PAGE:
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Old 04-11-2010, 08:21 PM
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Quote:
Originally Posted by Rag top bird
I butt weld most ever thing I do but I have a guy that works for me and he flange welds a lot but to the post it may not be the tool it could be that you dont have enough air presser???????
No, plenty of pressure. It's just not designed to make deep flange
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Old 04-11-2010, 08:48 PM
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Quote:
Originally Posted by mitmaks
No, plenty of pressure. It's just not designed to make deep flange
well in that case it could the tool mine that he is using is a Matco brand and we have 155 PSI at the tool
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Old 04-11-2010, 09:32 PM
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Quote:
Originally Posted by DitchWeed
preference and function!

I suppose if you are doing floors it wont make a difference, but I have heard from a reliable source (Ron Covell) that flange welds exposed to the heating of sunlight will show a "weld line" in bright sunlight, particularly with dark colored paint.

This is a result of the double thick weld area expanding differently than the single thick areas.

Besides, it is really not harder to butt weld once you get into the swing of it.
You are right and wrong. First off there are places where a flange weld works great. And while restoring using both butt and flange are fine.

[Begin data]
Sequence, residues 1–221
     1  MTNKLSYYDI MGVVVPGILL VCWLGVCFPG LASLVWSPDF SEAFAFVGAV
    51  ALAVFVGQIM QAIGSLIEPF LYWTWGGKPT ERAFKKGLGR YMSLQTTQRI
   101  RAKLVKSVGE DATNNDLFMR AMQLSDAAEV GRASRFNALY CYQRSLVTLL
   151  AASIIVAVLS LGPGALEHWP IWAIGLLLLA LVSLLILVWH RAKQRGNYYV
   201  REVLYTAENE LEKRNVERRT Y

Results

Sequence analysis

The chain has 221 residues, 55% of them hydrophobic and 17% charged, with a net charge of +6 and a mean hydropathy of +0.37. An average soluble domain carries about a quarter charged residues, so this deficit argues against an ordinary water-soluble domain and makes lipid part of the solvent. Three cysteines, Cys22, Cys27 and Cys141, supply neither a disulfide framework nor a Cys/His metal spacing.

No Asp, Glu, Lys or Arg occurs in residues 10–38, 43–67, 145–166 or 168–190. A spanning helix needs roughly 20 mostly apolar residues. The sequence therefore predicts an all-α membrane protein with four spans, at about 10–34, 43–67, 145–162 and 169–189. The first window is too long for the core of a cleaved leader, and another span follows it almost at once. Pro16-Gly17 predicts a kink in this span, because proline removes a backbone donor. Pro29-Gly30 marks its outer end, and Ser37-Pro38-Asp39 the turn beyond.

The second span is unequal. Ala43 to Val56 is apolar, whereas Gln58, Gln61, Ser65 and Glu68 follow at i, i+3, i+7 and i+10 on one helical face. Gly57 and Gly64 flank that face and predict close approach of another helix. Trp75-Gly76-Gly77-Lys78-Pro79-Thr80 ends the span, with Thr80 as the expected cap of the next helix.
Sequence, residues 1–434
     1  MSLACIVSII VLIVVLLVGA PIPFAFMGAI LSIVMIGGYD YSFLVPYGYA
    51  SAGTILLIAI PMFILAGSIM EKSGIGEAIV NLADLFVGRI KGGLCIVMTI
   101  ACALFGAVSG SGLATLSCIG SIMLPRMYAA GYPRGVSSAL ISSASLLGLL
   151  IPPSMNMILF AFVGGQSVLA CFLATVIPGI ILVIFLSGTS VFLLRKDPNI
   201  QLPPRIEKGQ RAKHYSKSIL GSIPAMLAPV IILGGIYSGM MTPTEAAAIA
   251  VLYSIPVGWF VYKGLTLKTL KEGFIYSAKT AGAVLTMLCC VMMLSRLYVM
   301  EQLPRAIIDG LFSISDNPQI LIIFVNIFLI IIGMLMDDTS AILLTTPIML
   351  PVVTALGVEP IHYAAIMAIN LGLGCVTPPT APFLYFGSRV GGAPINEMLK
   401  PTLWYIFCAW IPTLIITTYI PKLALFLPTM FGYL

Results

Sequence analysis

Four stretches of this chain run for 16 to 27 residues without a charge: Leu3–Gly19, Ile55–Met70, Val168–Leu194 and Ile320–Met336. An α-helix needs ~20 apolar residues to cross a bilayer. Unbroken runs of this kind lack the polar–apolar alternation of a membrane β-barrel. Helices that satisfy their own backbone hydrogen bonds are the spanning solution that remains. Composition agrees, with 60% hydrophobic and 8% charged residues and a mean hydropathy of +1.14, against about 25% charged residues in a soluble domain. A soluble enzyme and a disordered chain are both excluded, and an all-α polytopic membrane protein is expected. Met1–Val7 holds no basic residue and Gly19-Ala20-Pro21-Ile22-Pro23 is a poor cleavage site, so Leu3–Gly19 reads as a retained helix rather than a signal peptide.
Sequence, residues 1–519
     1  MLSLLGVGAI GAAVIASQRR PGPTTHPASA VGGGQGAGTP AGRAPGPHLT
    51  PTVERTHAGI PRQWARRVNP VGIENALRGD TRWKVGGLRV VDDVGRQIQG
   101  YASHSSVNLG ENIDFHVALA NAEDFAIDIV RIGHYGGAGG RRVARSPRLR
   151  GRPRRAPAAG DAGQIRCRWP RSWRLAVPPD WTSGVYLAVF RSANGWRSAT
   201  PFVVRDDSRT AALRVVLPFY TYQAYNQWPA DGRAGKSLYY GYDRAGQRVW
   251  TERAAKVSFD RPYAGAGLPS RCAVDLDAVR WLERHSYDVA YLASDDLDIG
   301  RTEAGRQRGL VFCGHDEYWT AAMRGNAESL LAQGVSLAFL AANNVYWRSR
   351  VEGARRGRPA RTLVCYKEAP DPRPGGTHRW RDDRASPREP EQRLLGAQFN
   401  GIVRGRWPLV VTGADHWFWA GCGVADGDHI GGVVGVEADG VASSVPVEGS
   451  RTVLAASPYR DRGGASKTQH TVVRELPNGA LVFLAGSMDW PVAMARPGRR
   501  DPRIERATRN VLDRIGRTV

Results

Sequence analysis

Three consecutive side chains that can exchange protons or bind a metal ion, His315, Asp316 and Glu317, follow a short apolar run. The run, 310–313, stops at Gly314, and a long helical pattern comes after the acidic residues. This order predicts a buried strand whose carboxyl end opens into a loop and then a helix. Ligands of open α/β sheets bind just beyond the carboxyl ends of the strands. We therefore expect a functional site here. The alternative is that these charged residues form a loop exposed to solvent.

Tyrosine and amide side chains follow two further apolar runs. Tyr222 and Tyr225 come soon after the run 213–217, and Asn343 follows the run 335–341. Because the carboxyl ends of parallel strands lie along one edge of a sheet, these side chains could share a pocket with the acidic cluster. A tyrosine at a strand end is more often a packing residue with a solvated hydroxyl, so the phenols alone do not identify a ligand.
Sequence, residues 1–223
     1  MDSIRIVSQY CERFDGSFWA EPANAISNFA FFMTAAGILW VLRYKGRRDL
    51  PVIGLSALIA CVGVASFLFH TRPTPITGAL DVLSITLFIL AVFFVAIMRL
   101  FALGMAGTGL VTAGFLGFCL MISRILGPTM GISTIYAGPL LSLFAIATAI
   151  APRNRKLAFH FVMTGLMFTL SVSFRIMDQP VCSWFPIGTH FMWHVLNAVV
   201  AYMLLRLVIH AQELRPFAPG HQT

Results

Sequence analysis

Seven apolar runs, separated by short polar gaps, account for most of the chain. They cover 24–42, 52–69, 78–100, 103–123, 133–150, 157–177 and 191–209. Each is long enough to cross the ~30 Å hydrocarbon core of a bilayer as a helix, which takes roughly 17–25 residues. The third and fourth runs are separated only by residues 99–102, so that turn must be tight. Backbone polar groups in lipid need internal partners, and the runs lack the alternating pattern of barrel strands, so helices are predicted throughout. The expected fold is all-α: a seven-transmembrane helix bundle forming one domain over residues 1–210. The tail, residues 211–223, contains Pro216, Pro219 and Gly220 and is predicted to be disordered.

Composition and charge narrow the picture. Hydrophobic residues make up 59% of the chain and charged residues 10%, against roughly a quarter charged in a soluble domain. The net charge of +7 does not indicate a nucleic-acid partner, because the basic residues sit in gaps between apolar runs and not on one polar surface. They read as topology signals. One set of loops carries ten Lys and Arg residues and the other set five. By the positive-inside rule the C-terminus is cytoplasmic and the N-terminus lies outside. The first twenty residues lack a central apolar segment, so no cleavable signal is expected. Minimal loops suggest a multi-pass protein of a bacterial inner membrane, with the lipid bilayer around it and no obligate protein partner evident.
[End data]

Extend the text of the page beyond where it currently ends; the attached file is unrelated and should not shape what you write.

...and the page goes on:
I do believe you are right that it isn't "harder", only different.

I was blown away after starting to follow the manufacture recommendations on splicing from a few different auto makers to butt and not flange or use "Butt weld with backing". I had done plenty of butt welding doing restoration work but didn't want to take the time hanging a quarter panel on a 2005 Toyota. Well I just started doing it, I was butt welding 24 ga metal with the MIG in no time! So yes, butt welding, flange welding, they are hardly different difficulty wise, simple "different".

But on that note, realistically there isn't one single butt weld on any car we will ever work on from the factory. Yes, there are just a few out there, they used "forge welding" back in the twenties and thirties that is simplar to what you and I would call a "butt weld". But other than that EVERY SINGLE WELD on EVERY SINGLE CAR made is a flange or lap or pinch weld!

My point is, they certainly aren't "inferior" or "wrong" in some way function or quality wise. The ENTIRE car is held together with them, what's one more?

Brian
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Old 04-12-2010, 04:38 AM
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I got my last air flanger at HF,doggone thing has worked fine at my shop for three years.40.00 those vise grips are awful handy too get both if you can but if I had to choose I'd have to take the air flanger any day its a lot faster and punches holes pretty quick too....I always wanted to try a pair I saw in Eastwoods that has rollers and turns with a ratchet wrench...Of course,I'd hook up my air ratchet to it.Its kinda like a mini bead roller...the depth of the flange on my HF is just right most of the time.but for thicker stuff the bead roller works better.

The truth is a flanged seam is great, and the way to go for ANY seam with someone with less experience and a mig welded seam or a glued seam ...butt welded seams are great on outerskins if you have experience with a tig and metal shaping....Nothing wrong with a flanged seam. doing BOTH and knowing which one is best for a particular application is the BEST.... a flanged seam is a lot stronger though.....with much less chance of warpage...
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Old 04-12-2010, 09:15 AM
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Just out of curiosity, how deep do you want this flange to be? Most sheet metals aren't that thick.